On February 20, 1997, at 0645 central standard time, a McDonnell Douglas DC-9-15, N93S, operated as Northwest Airlines Flight 219, from Minneapolis, Minnesota, to Kansas City, Missouri, experienced an electrical fire during cruise. None of the four crewmembers nor the 32 passengers were injured. The airplane sustained minor damage. The 14 CFR Part 121 flight diverted to the Des Moines International Airport, Des Moines, Iowa, without further incident. The flight had departed from Minneapolis, Minnesota, at 0556. Visual meteorological conditions prevailed and an IFR flight plan was filed. Use your browsers 'back' function to return to synopsisReturn to Query Page
The pilot reported that takeoff and climb were "normal." The flight crew leveled the airplane at flight level 310. They noted the "instrument lights flicker twice followed by a loud pop. The first officer noticed flames coming from the jumpseat area just above the locking device. Smoke and fumes filled the cockpit." The crew donned their oxygen masks and turned off both generators and the battery switch. "The flames went out and the smoke did not get any worse." They flew with a flashlight for one minute and then turned the emergency power switch on. A flight attendant reported that the smoke was limited to the cockpit and first class galley with only minor smoke in the main cabin. The flight crew declared an emergency and diverted to Des Moines. The smoke cleared during the descent. The flight crew flew an ILS approach with ASR backup. Fire and rescue crews met the airplane at the runway and escorted it to the gate. Passengers deplaned via the jetway.
Examination of the airplane revealed soot tracks from the aft, interior side of the left main equipment rack near the left forward cabin door. The interior of the rack was soot covered. The cross tie relay, four other relays installed in the equipment bay below the cross tie relay, and associated wire bundles were charred. The most severe, black soot patterns were located near the cross tie relay. Visual examination of all charred and soot covered wire bundles revealed no evidence of chaffing, heat concentration, or prefire insulation failures. The cross tie relay, fuse links, generator controllers, and four charred relays were retained for subsequent examination and the airplane was released to Northwest Airlines.
Retained components were examined on February 26, 1997 at the Northwest Airlines maintenance facilities, Minneapolis, Minnesota. Both generator controls functioned normally during a standard bench test. Examination of the other four relays revealed superficial exterior charring. The fuse links on the cross tie relay were charred and melted. The left A phase and the right C phase links measured continuity with an ohm meter. The other four links were melted and open.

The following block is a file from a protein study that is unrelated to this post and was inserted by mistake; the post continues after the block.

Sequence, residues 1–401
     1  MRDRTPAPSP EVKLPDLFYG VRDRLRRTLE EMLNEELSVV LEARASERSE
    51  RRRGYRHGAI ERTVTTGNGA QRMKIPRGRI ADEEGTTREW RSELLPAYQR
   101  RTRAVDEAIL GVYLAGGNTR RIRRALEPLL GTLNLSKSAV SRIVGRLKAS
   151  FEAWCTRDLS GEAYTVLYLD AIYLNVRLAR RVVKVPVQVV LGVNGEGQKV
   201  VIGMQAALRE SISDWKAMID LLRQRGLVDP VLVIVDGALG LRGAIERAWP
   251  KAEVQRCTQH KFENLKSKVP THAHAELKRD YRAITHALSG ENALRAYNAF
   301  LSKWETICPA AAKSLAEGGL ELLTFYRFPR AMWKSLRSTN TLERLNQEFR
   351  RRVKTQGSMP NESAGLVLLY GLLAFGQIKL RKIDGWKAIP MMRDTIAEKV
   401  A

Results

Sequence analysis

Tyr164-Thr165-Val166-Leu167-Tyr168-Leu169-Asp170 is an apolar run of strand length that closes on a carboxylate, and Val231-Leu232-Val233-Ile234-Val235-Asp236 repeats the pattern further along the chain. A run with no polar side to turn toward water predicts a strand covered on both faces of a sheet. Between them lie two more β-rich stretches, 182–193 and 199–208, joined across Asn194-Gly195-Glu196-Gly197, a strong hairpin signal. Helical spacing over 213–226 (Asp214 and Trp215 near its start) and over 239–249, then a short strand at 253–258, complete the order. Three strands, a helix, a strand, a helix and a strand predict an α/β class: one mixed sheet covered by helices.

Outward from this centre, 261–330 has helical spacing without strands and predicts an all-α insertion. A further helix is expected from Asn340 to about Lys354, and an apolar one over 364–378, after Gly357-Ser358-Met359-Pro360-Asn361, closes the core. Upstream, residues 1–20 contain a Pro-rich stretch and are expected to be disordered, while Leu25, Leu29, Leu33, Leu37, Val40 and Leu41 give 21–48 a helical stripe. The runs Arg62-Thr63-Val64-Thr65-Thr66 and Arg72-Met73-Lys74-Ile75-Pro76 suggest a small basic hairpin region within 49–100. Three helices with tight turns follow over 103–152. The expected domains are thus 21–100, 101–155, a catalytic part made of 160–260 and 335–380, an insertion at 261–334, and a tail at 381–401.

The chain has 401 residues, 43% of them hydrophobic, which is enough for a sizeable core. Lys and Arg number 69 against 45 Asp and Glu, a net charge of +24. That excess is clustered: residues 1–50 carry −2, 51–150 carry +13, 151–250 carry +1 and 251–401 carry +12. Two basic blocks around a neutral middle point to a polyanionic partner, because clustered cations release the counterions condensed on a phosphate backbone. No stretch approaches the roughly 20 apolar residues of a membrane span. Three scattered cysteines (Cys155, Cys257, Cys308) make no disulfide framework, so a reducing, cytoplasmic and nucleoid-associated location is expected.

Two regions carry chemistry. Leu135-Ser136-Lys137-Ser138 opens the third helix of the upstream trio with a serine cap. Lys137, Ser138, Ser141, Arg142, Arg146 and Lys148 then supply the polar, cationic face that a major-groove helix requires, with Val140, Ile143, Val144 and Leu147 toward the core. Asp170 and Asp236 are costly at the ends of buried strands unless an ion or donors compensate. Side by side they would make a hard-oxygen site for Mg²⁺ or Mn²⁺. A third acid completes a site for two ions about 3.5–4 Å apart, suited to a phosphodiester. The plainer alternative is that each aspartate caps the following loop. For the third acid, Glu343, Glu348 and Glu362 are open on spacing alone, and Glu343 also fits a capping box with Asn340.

The cross tie relay, part number 914F567-4 exhibited severe charring and burning around the arc box assembly. Both coils measured open with an ohm meter. The arc box contained charred debris and a silver track was melted between all three phases on the right side of the relay contactor. The inter-phase barriers were fragmented. The viton seals were installed. The relay was latched in the closed position.
Northwest Airlines' records indicated the relay had 35,160 hours total time and 7,775 hours since overhaul. Northwest Airlines' allowable time between overhaul (TBO) is 14,000 hours for the relay installed in a vertical or horizontal orientation, based on an OPSPEC Reconciliation from December 2, 1981 after a merger.
Westinghouse service bulletin 75-703 revised June 1977 suggests a 14,000 hour TBO for the relay when it is mounted in a vertical orientation as a generator, auxiliary power, or external power relay and a 7,000 hour TBO when it is mounted in a horizontal orientation as a cross tie relay. The service bulletin states "the cross tie relays must be cleaned and overhauled at 7,000 hours maximum." In addition, the service bulletin specifies the addition of viton seals on the inter-phase barriers "for the purpose of preventing migration of the metallic dust through the barriers, thereby establishing a low dielectric path between the phases."
McDonnell Douglas All Operator Letter AOL 9-1120B specifies a recommended TBO of 7,000 hours for relay. The letter does not specify vertical or horizontal orientation.
Examination of the relay overhaul/component maintenance manual revealed no specification for inspection of the arc box during overhaul.
Parties to the investigation were the Federal Aviation Administration, Northwest Airlines, Air Line Pilots Association, Douglas Aircraft Company, and Sundstrand Aerospace.